[Marxism] Stenographer for the White House

Louis Proyect lnp3 at panix.com
Thu Nov 17 07:54:41 MST 2005

Woodward Apologizes to Post For Silence on Role in Leak Case

By Howard Kurtz
Washington Post Staff Writer
Thursday, November 17, 2005; 1:45 AM

Bob Woodward apologized to The Washington Post yesterday for failing to 
reveal for more than two years that a senior Bush administration official 
had told him about CIA operative Valerie Plame, even as an investigation of 
who disclosed her identity mushroomed into a national scandal.

Woodward, an assistant managing editor and best-selling author, said he 
told Executive Editor Leonard Downie Jr. that he held back the information 
because he was worried about being subpoenaed by Patrick J. Fitzgerald, the 
special counsel leading the investigation.

"I apologized because I should have told him about this much sooner," 
Woodward, who testified in the CIA leak investigation Monday, said in an 
interview. "I explained in detail that I was trying to protect my sources. 
That's job number one in a case like this. . . .

"I hunkered down. I'm in the habit of keeping secrets. I didn't want 
anything out there that was going to get me subpoenaed."

Downie, who was informed by Woodward late last month, said his most famous 
employee had "made a mistake." Despite Woodward's concerns about his 
confidential sources, Downie said, "he still should have come forward, 
which he now admits. We should have had that conversation. . . . I'm 
concerned that people will get a mis-impression about Bob's value to the 
newspaper and our readers because of this one instance in which he should 
have told us sooner."

The belated revelation that Woodward has been sitting on information about 
the Plame controversy reignited questions about his unique relationship 
with The Post while he writes books with unparalleled access to high-level 
officials, and about why Woodward denigrated the Fitzgerald probe in 
television and radio interviews while not divulging his own involvement in 
the matter.

"It just looks really bad," said Eric Boehlert, a Rolling Stone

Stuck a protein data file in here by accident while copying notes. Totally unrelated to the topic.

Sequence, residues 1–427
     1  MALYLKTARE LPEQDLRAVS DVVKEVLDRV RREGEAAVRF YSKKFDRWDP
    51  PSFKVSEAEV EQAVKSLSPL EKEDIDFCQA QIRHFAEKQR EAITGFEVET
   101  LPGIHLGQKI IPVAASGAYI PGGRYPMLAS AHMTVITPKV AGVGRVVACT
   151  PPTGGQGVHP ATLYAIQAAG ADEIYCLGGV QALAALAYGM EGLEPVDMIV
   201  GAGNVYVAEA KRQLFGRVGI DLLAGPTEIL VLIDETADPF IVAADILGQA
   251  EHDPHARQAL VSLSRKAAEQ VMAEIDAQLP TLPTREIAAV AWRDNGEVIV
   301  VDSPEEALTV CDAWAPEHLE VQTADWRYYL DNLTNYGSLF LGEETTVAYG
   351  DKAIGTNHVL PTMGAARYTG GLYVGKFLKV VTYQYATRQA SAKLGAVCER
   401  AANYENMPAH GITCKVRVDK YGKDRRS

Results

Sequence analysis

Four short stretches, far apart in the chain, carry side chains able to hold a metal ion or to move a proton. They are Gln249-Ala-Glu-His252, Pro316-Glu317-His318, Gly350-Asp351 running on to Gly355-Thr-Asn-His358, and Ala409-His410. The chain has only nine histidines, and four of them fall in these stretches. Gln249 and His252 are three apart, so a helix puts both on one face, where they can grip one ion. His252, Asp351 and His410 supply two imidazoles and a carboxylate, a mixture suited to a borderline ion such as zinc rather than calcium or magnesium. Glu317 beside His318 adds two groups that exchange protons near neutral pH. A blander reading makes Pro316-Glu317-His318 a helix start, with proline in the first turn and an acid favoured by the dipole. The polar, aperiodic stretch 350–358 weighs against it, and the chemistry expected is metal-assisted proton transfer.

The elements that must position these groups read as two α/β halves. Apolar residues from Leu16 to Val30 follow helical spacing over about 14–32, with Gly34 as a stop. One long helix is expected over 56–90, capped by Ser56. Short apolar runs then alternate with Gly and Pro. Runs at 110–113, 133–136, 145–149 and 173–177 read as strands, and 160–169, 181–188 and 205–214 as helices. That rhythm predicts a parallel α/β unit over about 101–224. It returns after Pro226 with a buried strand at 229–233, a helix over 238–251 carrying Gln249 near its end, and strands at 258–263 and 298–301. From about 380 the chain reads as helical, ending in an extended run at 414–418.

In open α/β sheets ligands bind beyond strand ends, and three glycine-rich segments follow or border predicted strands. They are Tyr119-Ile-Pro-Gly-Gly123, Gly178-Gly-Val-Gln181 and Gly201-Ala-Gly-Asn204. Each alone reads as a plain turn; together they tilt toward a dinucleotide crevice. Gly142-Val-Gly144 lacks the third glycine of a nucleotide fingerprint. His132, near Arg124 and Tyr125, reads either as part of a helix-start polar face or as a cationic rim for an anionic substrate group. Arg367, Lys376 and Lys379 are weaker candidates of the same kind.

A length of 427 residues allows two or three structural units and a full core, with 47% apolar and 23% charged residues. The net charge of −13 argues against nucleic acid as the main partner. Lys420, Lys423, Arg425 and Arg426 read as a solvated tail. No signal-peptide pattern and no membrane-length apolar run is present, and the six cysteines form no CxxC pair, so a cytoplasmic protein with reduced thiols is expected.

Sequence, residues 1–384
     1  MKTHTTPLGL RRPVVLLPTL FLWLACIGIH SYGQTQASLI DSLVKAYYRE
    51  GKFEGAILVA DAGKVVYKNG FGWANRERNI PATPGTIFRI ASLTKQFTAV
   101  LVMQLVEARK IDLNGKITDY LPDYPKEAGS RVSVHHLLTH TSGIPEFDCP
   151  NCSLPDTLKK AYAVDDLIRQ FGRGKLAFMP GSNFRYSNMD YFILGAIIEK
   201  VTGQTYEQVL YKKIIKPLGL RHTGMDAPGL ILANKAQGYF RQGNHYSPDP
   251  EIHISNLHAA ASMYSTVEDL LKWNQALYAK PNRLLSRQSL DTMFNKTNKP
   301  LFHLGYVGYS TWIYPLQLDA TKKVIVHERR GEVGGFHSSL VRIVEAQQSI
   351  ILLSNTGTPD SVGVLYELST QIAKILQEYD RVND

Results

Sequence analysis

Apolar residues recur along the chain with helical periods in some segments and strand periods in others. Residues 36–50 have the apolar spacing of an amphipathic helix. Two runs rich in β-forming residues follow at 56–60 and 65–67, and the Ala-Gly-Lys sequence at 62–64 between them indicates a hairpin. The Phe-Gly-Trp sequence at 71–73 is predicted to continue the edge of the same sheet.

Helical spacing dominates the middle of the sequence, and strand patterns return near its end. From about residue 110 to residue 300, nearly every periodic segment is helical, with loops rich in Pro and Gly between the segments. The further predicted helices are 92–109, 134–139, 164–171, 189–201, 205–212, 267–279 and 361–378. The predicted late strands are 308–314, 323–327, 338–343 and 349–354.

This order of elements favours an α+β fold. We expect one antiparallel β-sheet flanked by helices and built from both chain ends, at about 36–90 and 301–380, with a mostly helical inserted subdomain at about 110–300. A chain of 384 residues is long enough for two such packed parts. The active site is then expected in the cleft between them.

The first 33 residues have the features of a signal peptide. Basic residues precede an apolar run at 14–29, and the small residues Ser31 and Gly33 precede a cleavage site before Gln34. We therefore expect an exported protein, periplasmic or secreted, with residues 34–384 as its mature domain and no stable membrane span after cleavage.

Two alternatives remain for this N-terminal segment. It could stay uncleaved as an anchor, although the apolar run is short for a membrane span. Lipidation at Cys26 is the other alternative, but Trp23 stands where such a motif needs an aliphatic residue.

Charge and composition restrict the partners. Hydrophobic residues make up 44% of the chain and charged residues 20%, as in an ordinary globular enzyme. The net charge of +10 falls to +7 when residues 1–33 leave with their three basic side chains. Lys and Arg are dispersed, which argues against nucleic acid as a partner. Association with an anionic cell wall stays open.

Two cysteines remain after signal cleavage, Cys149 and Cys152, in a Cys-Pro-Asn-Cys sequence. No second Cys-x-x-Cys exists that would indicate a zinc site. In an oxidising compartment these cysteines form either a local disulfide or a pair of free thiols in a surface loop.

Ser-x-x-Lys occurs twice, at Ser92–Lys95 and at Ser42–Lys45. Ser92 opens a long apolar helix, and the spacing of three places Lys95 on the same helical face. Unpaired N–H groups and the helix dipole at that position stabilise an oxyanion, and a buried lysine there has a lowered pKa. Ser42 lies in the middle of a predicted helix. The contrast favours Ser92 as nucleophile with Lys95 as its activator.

contributing editor and author of a forthcoming book on the administration 
and the press. "It looks like what people have been saying about Bob 
Woodward for the past five years, that he's become a stenographer for the 
Bush White House."



December 5, 2002
Woodward's Bush


Bob Woodward is a celebrity reporter perceived as the ultimate insider, but 
for the wrong reasons. He does not reveal anything. He is not analytical or 
critical, a skeptic of any sort or a questioner of any depth, and context 
is a concept as foreign to him as foreign policy. He only conveys an image 
the "principals" on the inside, as Woodward loves to call them, want to reveal.

Whether his book is about "The Commanders" of the first Gulf War, "The 
Secret Wars of the CIA," "The Agenda" of the Clinton White House or "The 
Choice" in the 1996 presidential election, Woodward's loyal method explains 
why he has ready access to all those secret memos, legal pads, National 
Security Council minutes and CIA briefing papers that make up the bulk of 
his bulky books, and why most principals in the end choose to speak with 
him as opposed to an actual reporter. He is the print equivalent of a White 
House photographer, transcribing official moods and postures usually in a 
light most favorable to those who do speak with him, and most unfavorable 
to those who don't. The books zoom up the bestseller charts for the same 
reason voyeuristic books about celebrities' tics and tiffs do: Inquiring 
minds want to know, and a Woodward book is as close as they'll get to a 
reality show from the White House situation room.

"Bush at War," Woodward's latest, is a competent, plodding chronicle of the 
Bush cabinet's 100 days from Sept. 11 to the fall of the Taliban in 
Afghanistan. A few scoops about the president's sleeping problems or the